INNOVATIONS

The mixed-use building trend

driving global construction

Nov 08, 2019

Demand for mixed-use developments is driving an international construction trend, and Asia is no exception – from Bangkok to Seoul, where we saw Dongdaemun Design Plaza (DDP) in the global spotlight once again during Seoul Fashion Week just last month. While DDP’s futuristic structure inspires construction projects elsewhere, such as in Kuala Lumpur mentioned below, the concept of a mixed-use building is also very practical.

 

Essentially, a mixed-use building refers to a single development featuring a combination of residential, commercial and recreational facilities. The mixed-use model is getting more popular in response to urban sprawl, with more and more people looking to live, work and relax in just one building. Meanwhile, developers often find mixed-use buildings to be profitable because of the various economic opportunities they offer.

 

Samsung C&T’s Engineering & Construction Group has already built several mixed-use buildings in Asia, with more on the way. Here are some notable examples:

 

 

DDP, Seoul

 

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DDP’s motto is to “Dream, Design, Play,” which effectively describes its mixed-use status.

 

Built by Samsung C&T and designed by Zaha Hadid, this otherworldly structure has been staging various cultural events, conferences and exhibitions since it opened in March 2014 – including Seoul Fashion Week twice a year.

 

It is an awe-inspiring, amorphous building that required innovative construction techniques to create its curved shape – it is made up of 45,133 unique aluminum panels. It can be easily accessed from the subway station beneath it.

 

 

Suntec City, Singapore

 

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Another established mixed-use development is Suntec City in Singapore, where the Suntec Singapore International Convention and Exhibition Center was first opened in November 1994.

 

Suntec City’s initial mixed-use facilities such as offices and a shopping mall were completed in 1997, before remodeling work carried out by Samsung C&T. Its diverse role was confirmed when it was chosen as one of the venues for the 2010 Summer Youth Olympics.

 

This also remains a popular mixed-use facility for conferences and forums – Samsung C&T’s Asia-Pacific Regional Office (APRO) previously held its Safety Conference there. Suntec City is further boosted by its proximity to Singapore’s Mass Rapid Transit (MRT), with two stations flanking the mall.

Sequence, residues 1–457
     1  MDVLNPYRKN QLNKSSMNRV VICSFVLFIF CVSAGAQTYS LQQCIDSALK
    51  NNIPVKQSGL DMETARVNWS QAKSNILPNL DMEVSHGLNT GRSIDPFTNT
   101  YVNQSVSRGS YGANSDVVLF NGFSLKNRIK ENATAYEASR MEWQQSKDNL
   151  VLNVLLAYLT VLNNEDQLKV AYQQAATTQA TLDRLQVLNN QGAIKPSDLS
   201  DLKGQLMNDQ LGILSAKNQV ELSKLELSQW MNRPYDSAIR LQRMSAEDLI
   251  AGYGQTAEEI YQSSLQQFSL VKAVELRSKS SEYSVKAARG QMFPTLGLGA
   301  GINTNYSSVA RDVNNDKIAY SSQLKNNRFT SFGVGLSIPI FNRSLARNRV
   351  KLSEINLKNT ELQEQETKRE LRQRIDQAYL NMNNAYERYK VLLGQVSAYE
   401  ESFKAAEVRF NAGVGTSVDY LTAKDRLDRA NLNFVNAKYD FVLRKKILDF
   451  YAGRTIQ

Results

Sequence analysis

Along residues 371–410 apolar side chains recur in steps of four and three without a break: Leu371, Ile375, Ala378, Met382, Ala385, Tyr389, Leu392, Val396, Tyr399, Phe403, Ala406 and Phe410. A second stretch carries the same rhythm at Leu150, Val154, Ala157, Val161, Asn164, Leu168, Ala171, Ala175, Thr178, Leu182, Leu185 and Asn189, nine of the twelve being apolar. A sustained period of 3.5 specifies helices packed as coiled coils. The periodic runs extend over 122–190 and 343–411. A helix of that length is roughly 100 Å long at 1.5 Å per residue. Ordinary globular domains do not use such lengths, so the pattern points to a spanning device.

Shangri-La Hotel, Ulaanbaatar

 

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As this is the Mongolian capital’s only luxury, mixed-use development, it serves an important function in Ulaanbaatar.

 

As well hosting a luxury hotel, the Shangri-La site has great versatility in being able to hold events. This was shown when the 11th Asia-Europe Meeting (ASEM11) took place there in July 2016. World leaders from more than 60 Asian and European countries gathered in the venue’s meeting space spanning 2,643 square meters.

 

The hotel opened in 2015 and connects to the mixed-use Shangri-La Center, which was built by Samsung C&T and debuted in 2016 with 28 stories of apartment, retail and commercial space. This is all just 20 minutes from the nearest rail station by road, and a 40-minute drive from the closest international airport.

 

 

KLCC Lot L and M Podium, Kuala Lumpur

 

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Samsung C&T started construction on this Malaysian mixed-use development in July, with completion expected in October 2022.

 

The KLCC Lot L and M Podium project is set to be a six-story shopping complex in the center of the Malaysian capital, Kuala Lumpur. It will host shops and a Petronas gallery among other features, and fits in with the local government’s promotion of mixed-use developments in the Kuala Lumpur City Center (KLCC) area. One of Samsung C&T’s most significant past projects can be found nearby – the Petronas Towers, the tallest twin towers in the world.

 

This new development will be an atypical structure sustained without pillars, and will no doubt draw attention from passers-by much like DDP in Seoul. Another similarity to DDP is that this building will be linked to a subway station.